In our opinion, the worst offender by far is Pixar's 1988 short film, Tiny Toy, which is doubly uncanny because the subject in question is an infant. Of course, they can be forgiven for the fact that it was 1988, when computer graphics were in their — infancy.

The most common criticisms levied against these films include the following:

  • Hollow, lifeless eyes - This is most likely a result of inadequate motion tracking. A human eye is never stationary. Also difficult to nail down are the complex specular highlights and reflections on the cornea.

  • Waxy, zombie-like skin - With the advent of sub-surface scattering and normal mapping, many problems with skin rendering have been resolved. All living skin is somewhat translucent, and the lack of a good solution for simulating skin translucency plagued many early attempts at photorealism. Normal mapping has meant that modern skin shading-networks can include accurate textures down to the pore level.

  • Poor facial animation and lip synching - This issue is more common in games, but nothing deflates a render like improperly synched speech.

Can the Uncanny Valley Be Beaten?

In short, yes. There are two ways the uncanny valley phenomenon can (and has) been defeated:

  1. Cartoon realism - Animation studios learned long ago that the best way to beat the uncanny valley is to avoid it altogether. Instead of striving for complete photorealism, studios like Pixar, Dreamworks, and Disney have all developed their own unique flavor of cartoon-realism.

    Instead of designing realistic human characters, artists at animation studios typically stylize and exaggerate the features on a model that are most difficult to replicate, like eyes, hands, and lips. Animated films like Ratatouille, The Incredibles, and Cloudy With a Chance of Meatballs have lifelike, empathetic human characters that really look quite unrealistic. But they work.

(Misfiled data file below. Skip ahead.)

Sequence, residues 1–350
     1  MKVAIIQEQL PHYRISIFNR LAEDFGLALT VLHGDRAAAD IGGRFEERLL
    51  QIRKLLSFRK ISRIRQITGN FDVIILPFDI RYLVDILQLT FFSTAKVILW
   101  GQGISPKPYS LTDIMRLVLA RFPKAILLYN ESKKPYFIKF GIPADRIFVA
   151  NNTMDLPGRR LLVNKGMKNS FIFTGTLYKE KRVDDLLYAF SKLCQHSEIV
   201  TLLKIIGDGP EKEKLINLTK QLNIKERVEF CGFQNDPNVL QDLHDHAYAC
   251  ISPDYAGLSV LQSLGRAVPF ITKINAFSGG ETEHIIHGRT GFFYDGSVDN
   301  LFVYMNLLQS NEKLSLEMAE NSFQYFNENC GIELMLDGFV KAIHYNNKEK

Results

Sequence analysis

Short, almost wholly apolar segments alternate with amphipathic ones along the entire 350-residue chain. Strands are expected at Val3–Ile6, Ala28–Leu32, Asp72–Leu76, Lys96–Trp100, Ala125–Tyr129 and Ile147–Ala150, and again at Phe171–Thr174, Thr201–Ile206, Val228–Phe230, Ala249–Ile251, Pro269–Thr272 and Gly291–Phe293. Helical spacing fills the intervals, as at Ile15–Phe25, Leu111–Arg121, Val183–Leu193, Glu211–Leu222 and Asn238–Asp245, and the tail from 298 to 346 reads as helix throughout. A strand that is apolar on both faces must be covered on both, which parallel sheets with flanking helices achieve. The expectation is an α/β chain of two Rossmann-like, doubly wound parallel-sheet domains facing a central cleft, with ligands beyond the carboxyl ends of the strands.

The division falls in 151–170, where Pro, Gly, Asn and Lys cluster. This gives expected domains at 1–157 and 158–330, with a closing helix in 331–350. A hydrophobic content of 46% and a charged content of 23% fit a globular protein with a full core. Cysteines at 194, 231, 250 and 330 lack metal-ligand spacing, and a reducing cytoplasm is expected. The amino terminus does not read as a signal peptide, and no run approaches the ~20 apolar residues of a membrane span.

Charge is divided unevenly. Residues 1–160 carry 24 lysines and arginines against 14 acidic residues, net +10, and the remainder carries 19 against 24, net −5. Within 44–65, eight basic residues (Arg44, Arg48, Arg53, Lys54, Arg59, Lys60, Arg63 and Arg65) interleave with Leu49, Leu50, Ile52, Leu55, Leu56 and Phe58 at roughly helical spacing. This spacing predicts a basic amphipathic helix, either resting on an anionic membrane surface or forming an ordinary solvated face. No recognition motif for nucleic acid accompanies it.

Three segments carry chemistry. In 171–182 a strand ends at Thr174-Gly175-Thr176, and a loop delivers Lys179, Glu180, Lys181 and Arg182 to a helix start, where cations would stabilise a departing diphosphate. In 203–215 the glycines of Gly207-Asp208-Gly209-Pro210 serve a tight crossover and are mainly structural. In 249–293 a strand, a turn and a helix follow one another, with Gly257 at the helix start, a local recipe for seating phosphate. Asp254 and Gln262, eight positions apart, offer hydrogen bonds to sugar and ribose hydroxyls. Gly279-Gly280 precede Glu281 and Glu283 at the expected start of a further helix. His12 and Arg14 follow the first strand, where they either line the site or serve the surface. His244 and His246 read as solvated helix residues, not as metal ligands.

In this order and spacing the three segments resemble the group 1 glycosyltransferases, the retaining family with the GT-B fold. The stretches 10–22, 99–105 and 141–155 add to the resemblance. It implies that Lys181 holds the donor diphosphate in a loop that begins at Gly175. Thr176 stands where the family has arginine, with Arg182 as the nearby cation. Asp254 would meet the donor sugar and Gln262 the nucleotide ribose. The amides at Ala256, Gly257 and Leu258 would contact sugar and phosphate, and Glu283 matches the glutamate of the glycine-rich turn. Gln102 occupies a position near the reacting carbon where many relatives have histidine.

2. Innovation - The second way, plain and simple, is with brute-force technological innovation. In fact, with modern sculpting, texturing, and performance capture technology many of the initial boundaries toward complete photorealism have already been resolved. We still haven't seen a fully photo-real CG film that's completely avoided the uncanny valley, but we are at a point where successful human photorealism is possible.

    The Curious Case of Benjamin Button managed to traverse the uncanny valley and come out on the other side. The team used a fully computer generated head replacement for Brad Pitt in many shots that required drastic alterations to his appearance. The film was well recieved, the CG was hardly noticed, and the team won a Visual Effects Oscar for their staggering achievement.

Time will tell whether that success can be duplicated for an entire film. It'll probably take ambition on a level that hasn't been attempted since Final Fantasy, but we think it's just a matter of time.